Even paints made entirely free of synthetic materials can contain naturally occurring VOCs such as Citrus Oil, can cause irritations such as Turpentine and can be toxic such as Vermillion. Likewise synthetic also doesn't necessarily mean “harmful”, some synthetic solvents such as Isoaliphates are highly purified and are recognised as one of the most harmless solvents even versus natural alternatives and are widely used in medical, food and cosmetic industries. However their environmental credentials aren't as good as natural ingredients

"Natural" Paints are best for the Environment but still have an impact 

Beyond VOCs, sourcing the raw materials and manufacturing the paint has the biggest impact on the environment. For example Titanium Dioxide is a natural pigment/filler, and although it is “safe” and used in other industries including food and cosmetics, it isn't environmentally friendly. It is the 7th most abundant metal but it is not a renewable product and extracting it is energy intensive and can significantly impact the habitat. On top of this, it does not exist naturally in its pure form and requires an energy intensive process typically involving chlorine or sulphuric acid to refine it. This process creates toxic and hazardous waste further impacting the environment. Unfortunately natural alternatives are relatively poor and often need four or five coats of paint to cover properly so it is still used in nearly all paints including “natural” paints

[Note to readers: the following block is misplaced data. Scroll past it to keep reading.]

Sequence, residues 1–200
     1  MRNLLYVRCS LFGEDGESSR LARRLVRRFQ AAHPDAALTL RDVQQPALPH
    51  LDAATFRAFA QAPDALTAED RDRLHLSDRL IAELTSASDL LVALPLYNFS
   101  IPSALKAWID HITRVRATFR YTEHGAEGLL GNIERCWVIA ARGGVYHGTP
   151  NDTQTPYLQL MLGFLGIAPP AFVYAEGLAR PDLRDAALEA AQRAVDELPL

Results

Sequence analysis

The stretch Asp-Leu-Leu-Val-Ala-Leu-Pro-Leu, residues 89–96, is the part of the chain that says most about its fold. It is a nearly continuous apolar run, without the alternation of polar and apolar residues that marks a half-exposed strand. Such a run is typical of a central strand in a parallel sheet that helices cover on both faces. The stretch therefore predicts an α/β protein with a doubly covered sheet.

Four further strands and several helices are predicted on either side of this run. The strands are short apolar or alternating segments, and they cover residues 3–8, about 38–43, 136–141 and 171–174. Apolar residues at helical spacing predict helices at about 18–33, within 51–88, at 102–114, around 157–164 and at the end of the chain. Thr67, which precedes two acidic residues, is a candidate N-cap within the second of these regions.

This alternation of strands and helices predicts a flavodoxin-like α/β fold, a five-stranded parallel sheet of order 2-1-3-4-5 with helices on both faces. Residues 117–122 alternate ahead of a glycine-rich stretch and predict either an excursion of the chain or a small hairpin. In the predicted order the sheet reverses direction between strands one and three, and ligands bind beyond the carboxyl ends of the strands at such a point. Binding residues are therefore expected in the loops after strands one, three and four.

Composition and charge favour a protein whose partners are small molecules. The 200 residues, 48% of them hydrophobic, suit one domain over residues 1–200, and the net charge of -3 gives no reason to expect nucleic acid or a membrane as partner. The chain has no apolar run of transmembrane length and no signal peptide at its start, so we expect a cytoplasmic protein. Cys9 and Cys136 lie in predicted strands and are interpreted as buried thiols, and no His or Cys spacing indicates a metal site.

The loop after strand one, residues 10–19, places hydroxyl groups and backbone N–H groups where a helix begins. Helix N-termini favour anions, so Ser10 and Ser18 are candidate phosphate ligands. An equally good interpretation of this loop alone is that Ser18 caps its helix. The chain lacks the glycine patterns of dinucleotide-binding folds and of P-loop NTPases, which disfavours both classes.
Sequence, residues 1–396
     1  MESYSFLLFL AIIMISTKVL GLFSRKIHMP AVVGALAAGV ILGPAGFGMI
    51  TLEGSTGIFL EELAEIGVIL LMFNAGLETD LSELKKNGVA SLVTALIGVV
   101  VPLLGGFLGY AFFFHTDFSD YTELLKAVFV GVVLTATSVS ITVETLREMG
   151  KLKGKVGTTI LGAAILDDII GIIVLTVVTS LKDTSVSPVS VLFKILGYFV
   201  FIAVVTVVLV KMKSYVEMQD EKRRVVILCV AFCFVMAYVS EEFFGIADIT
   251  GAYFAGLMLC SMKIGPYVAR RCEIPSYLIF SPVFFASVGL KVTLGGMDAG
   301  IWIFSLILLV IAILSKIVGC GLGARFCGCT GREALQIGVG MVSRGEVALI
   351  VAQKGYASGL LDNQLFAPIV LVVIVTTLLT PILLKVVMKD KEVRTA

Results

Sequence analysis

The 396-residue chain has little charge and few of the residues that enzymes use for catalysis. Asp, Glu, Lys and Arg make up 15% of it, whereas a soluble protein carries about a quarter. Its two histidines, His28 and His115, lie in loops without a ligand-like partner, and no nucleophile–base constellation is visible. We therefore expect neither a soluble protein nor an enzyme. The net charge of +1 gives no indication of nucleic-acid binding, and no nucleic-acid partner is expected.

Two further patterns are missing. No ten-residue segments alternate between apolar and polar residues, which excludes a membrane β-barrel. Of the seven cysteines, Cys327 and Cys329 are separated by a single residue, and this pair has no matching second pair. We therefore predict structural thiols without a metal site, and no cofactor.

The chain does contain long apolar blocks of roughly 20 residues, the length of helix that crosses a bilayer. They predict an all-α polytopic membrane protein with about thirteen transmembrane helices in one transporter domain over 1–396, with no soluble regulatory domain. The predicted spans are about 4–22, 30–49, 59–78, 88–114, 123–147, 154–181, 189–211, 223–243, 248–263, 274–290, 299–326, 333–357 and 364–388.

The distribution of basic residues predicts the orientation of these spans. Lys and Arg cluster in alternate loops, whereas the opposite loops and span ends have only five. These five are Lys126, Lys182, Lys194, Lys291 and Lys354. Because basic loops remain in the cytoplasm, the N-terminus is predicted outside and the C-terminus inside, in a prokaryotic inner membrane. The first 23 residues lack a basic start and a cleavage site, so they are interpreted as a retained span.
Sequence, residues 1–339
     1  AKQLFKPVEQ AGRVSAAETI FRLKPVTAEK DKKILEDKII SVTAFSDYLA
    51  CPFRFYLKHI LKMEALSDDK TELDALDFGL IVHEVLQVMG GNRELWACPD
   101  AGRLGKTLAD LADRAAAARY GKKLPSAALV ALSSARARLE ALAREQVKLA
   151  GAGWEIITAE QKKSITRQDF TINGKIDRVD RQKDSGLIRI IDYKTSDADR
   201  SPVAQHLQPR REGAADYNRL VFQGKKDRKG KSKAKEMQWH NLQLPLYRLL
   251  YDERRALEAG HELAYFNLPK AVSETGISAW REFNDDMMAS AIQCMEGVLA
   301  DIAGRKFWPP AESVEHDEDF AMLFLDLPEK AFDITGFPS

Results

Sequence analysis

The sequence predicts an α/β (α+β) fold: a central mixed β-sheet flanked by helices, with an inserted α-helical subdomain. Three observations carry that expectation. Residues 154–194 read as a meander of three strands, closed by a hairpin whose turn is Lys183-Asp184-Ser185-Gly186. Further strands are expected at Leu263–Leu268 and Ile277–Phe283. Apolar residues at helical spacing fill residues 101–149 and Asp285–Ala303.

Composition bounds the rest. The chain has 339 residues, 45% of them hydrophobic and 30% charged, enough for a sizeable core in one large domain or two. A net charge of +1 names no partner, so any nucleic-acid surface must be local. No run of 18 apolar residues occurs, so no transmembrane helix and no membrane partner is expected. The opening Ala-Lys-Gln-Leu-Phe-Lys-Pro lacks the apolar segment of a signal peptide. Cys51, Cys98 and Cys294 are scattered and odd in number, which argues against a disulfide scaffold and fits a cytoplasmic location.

Transport footprint

Another environmental consideration is that paint is really heavy, and therefore picking a paint brand that is manufactured domestically, or at least hasn’t had to be shipped from half way around the world will help to reduce your environmental footprint. As an aside I unfortunately learnt how heavy paint is when I tried to take a pot home one day on public transport. It turns out you can’t take paint on London buses (who knew?!) and I had to walk with it all the way home

painting-and-decorating.jpg

Tidying up after painting

Choosing your paint is the first step, but its worth giving a thought to how you will tidy up after - as theres no need to reach straight for the White Spirit. Firstly try and remove any excess paint from paint brushes with something like a newspaper. I know you probably don't feel like it, as you’ll probably be knackered from all the painting, but it really helps to clean your brushes straight away. If you’re using water based paints then just wash them with warm soapy water. If you’re using oil based paints you can use natural oils such as Walnut or Linseed Oil to clean them. Even if you’re pretty good at cleaning your brushes straight away, paint can still build up over time. A cheap and natural way to revive paint brushes is to heat vinegar until it is simmering and pour it into an old metal container or jar (not plastic). You then put the brushes in for at least 10 minutes, ideally making sure the bristles remain straight so they don't lose their shape. In terms of the paint it self, unless it is 100% natural make sure you take it to a Household Hazardous Waste Collection Facility to be safely disposed

Paint fact file

Paint has been made in some shape or form for over 40,000 years - the oldest examples being found in cave paintings

There are four main components of paint: 1) pigment - this provides the colour 2) binder - this enables the paint to stick to the wall 3) Solvent - this acts as a carrier for the pigment and binder and impacts the thickness of the paint 4) Additives - these are added to enhance the performance of the paint such as making the paint dry quicker, or giving the paint anti-bacterial properties

Approximately 12 billion litres of paint are made every year

SEVERAL "GREEN" paint options to choose from and what they offer

Paint table

#ecopaint #organicpaint #naturalpaint #environmentallyfriendlypaint